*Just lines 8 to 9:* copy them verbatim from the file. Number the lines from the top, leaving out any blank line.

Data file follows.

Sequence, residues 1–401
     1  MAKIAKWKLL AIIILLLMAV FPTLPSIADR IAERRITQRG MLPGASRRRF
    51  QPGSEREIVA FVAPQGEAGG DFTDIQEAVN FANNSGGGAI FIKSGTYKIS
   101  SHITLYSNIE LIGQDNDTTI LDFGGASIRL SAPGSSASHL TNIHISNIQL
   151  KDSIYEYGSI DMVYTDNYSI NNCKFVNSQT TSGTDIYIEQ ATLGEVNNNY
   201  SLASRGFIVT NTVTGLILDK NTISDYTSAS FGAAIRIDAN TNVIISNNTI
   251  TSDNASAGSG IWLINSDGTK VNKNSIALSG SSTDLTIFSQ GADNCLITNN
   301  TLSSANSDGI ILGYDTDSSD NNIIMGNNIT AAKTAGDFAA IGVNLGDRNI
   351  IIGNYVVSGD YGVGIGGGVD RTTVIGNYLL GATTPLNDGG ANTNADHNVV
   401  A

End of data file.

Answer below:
   301  TLSSANSDGI ILGYDTDSSD NNIIMGNNIT AAKTAGDFAA IGVNLGDRNI
   351  IIGNYVVSGD YGVGIGGGVD RTTVIGNYLL GATTPLNDGG ANTNADHNVV